Men and women act differently when displaying contempt in same-sex relationships. Not only do girls engage in more non-verbal forms of social aggression than boys do, girls dissembled more than boys do, speaking nicely but making mean faces. In the research provided by Underwood (2004) in their laboratory observation studies where they watch girls and boys in an identical social context in which best friends respond to a provoking newcomer, gender differences emerge not for the verbal behaviours, but for the nonverbal expressions of disdain and contempt (which are so glaring that they were observed with high degrees of inter-coder reliability by both women and men, kappa’s exceeding .8; Underwood et al., 2003). There are several reasons why girls can be especially prone to conveying anger and contempt by nonverbal forms of social exclusion. One reason may be that girls are socialized from infancy onward to be overtly nice and conciliatory and do so to avoid conflict whenever possible, for fear of being excluded from relationships, disliked, or punished (for reviews, see Brown and Gilligan, 1993; Underwood, 2003; Zahn-Waxler, 2000). Non-verbal forms of social exclusion may be a highly effective way to harm someone with relatively few social consequences; the hurtful act is fleeting, can often be executed behind the victim’s back and outside of the watchful eyes of adults, and, even if caught, mean faces are typically not punished. Second, girls may hurt one another via non-verbal expressions of exclusion or disdain because girls and women may gaze at others more for reasons related to their lower social status, so as to learn as much as possible about others’ needs and desires (see LaFrance, 2002, for a discussion of ‘Smile boycotts and other body politics’, p. 319). Because girls and women gaze at others often, perhaps mean glares are more effective as a means of wielding power. Third, non-verbal forms of social exclusion may be powerful for girls because their relationships involve high levels of intimacy and self-disclosure (see Buhrmester and Prager, 1995, for a review), thus even subtle indicators of exclusion are threatening. Fourth, non-verbal forms of social exclusion may be powerful for girls because although they fiercely desire and defend popularity with other girls, they dread being labelled as ‘stuck up’ (Merten, 1997). In 2003, the Palo Alto City Council defeated a resolution that would have discouraged elected officials from facial expressions conveying contempt at public meetings; this was proposed because council members were so weary of colleagues intimidating one another by these subtle but rude facial expressions. If adult politicians cannot figure out how to cope with non-verbal forms of social aggression, it is little wonder that girls struggle with how to cope with this type of hostility.
Research demonstrates how childhood abuse ties into maladaptive communication dynamics consisting of contempt-laden conflict and emotional withdrawal. These findings are important because maladaptive marital communication may be one mechanism by which traumatic childhood experiences translate into poor adult relationship quality. Forms of verbal aggression, such as contempt, belligerence, and defensiveness, are associated with destructive, hostile patterns of conflict resolution ( [Gottman et al., 1998] and [Straus, 1979]). Couples who use such communication styles are more likely to have higher levels of marital distress (Roberts, 2000), lower levels of marital satisfaction (Holman and Jarvis, 2003), and lower levels of marital stability ( [Gottman et al., 1998], [Holman and Jarvis, 2003] and [DeMaris, 2000]). Gottman (1999) identified several behaviors that are particular indicative of distress in relationships. One series of behaviors, which he termed the four horsemen, includes a cascading of responses such as expressing criticism, defensiveness, contempt, sarcasm, hostility, and withdrawal, the combination of which indicate a critical state of marriage dissolution. Carstensen, Gottman, and Levenson (1995) found that “Negative emotional behavior, such as expressed anger, sadness, contempt, and other negative emotions, appears to be the best discriminator between satisfied and dissatisfied marriages”. Carstensen, Gottman, and Levenson (1995) also discovered that “In terms of speaker behaviors, wives were coded as showing more total emotion, negative emotion, anger, joy, contempt, whining, and sadness.” This supports the stereotype that women express more emotion than men both in general and in relationships. It also supports the idea that men are less expressive than women and tend to be more defensive minded in conversations. Six short self-report measures were used to assess several component communication skills (Gottman 1999). Specifically, the questionnaires assessed Repair Attempts, Accepting Influence, Harsh Start-Up, Flooding, Gridlock, and the Four Horsemen. These six measures were chosen because they were of theoretical and clinical interest to the authors, incorporated both adaptive and maladaptive communication behaviors, and included those aspects of couple communication considered by many to be most toxic, including withdrawal and contempt (Gottman 1999; Gottman et al. 1998; Johnson 2003). Finally, the Four Horsemen create a cascading sequence of responses in which one partner expresses criticism and the other partner responds with defensiveness, causing the first partner to react to the defensiveness with contempt, sarcasm, and/or hostility with their partner, eventually withdrawing from, or stonewalling, the conversation. This cascading negative sequence which occurs as a repetitive, interlocking pattern is believed to signify a critical end-stage process of relationship dissolution, representing a final common causal pathway to relationship dissolution (see Gottman 1994). In the book Blink: The Power of Thinking Without Thinking, author Malcolm Gladwell discusses John Gottman's theories of how to predict which couples will stay married. Gottman's theory states that there are four major emotional reactions that are destructive to a marriage: defensiveness, stonewalling, criticism, and contempt. Among these four, Gottman considers contempt the most destructive of them all. For all others forms of aggression the Four Horsemen emerged as significant predictors of classification, which is expected given that this construct includes very negative, contemptuous behaviors. This is consistent with marital research, which contends that these communication behaviors are highly toxic, and erode relationship satisfaction (Cornelius et al. 2007; Gottman 1999).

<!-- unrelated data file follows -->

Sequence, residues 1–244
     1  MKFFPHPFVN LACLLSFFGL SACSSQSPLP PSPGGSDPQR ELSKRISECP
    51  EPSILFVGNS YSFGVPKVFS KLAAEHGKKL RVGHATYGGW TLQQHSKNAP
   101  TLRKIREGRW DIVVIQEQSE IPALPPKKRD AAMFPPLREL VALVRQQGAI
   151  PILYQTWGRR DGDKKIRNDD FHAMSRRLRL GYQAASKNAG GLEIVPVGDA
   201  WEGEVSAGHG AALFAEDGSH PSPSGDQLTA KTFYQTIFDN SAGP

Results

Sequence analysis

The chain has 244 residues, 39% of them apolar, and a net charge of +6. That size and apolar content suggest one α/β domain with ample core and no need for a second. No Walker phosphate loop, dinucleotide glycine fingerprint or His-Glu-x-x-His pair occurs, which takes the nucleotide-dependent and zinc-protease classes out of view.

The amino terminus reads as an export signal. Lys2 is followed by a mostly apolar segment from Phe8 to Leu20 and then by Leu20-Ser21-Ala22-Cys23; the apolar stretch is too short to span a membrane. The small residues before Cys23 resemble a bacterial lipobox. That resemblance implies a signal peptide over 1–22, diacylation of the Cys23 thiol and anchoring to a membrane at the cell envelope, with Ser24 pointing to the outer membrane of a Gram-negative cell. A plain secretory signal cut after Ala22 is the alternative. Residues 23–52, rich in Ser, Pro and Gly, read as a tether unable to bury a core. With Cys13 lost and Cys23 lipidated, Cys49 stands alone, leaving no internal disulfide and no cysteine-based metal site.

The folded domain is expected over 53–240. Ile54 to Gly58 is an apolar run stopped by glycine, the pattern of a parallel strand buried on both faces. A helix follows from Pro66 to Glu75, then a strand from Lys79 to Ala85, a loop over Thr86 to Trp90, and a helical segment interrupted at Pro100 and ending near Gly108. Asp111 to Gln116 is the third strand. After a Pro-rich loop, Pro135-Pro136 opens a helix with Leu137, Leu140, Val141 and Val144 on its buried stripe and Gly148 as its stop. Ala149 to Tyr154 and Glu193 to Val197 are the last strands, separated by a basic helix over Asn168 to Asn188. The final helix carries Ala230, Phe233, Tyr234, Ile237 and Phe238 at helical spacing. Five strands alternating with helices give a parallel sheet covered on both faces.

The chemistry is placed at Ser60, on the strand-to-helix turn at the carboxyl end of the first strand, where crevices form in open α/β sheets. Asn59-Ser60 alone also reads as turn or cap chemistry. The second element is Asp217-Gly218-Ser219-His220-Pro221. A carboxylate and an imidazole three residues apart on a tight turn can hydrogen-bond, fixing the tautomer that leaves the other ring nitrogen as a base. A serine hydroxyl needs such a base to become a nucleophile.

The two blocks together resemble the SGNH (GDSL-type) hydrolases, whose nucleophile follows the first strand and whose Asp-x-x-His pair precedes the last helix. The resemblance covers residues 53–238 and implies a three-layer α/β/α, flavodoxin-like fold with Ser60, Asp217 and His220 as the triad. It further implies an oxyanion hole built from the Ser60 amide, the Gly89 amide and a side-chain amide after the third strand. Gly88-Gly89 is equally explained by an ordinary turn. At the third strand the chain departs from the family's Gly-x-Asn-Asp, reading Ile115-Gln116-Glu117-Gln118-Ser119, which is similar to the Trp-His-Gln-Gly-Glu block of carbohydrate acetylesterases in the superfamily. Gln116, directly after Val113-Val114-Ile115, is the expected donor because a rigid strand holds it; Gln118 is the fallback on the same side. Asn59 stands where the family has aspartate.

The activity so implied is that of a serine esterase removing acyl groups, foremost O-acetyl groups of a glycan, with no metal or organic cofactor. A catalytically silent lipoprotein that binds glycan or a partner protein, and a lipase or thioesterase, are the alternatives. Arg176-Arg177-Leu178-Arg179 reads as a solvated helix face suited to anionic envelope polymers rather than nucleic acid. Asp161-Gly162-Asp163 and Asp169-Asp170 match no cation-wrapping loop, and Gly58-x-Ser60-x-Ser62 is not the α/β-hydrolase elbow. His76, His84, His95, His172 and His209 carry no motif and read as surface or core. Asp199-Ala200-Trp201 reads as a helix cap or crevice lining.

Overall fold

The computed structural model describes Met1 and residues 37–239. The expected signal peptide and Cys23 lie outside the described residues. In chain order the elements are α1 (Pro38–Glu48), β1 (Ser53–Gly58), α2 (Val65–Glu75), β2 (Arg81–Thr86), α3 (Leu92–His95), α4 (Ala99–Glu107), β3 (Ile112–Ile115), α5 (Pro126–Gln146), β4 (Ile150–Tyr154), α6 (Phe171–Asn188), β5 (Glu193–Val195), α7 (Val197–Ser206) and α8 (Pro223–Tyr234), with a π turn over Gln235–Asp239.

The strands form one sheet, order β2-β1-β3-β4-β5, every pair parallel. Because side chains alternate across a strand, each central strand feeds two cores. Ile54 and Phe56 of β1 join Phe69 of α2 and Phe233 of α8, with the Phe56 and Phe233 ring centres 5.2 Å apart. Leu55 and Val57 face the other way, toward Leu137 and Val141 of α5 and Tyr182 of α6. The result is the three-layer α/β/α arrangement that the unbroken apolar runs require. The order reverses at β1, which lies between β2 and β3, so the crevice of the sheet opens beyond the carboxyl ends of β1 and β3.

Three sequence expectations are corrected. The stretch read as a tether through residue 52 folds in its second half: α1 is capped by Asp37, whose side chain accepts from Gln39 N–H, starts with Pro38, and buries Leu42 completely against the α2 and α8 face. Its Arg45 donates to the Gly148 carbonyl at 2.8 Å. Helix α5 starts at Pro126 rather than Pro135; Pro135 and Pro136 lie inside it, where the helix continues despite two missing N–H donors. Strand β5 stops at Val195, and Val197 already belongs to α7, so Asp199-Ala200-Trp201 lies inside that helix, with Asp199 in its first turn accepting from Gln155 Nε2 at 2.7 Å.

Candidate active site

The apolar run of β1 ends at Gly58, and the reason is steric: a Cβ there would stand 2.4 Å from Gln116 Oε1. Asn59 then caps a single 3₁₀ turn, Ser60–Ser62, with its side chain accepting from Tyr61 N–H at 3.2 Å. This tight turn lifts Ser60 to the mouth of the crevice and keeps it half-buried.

In abusive relationships between parents and children, the abusive parent may hold contemptuous views towards their child, or vice versa.
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- Gladwell, Malcolm (copyright 2005). Blink. Back Bay Books imprint (Little, Brown and Company). pp. 32–33. ISBN 0-316-01066-9.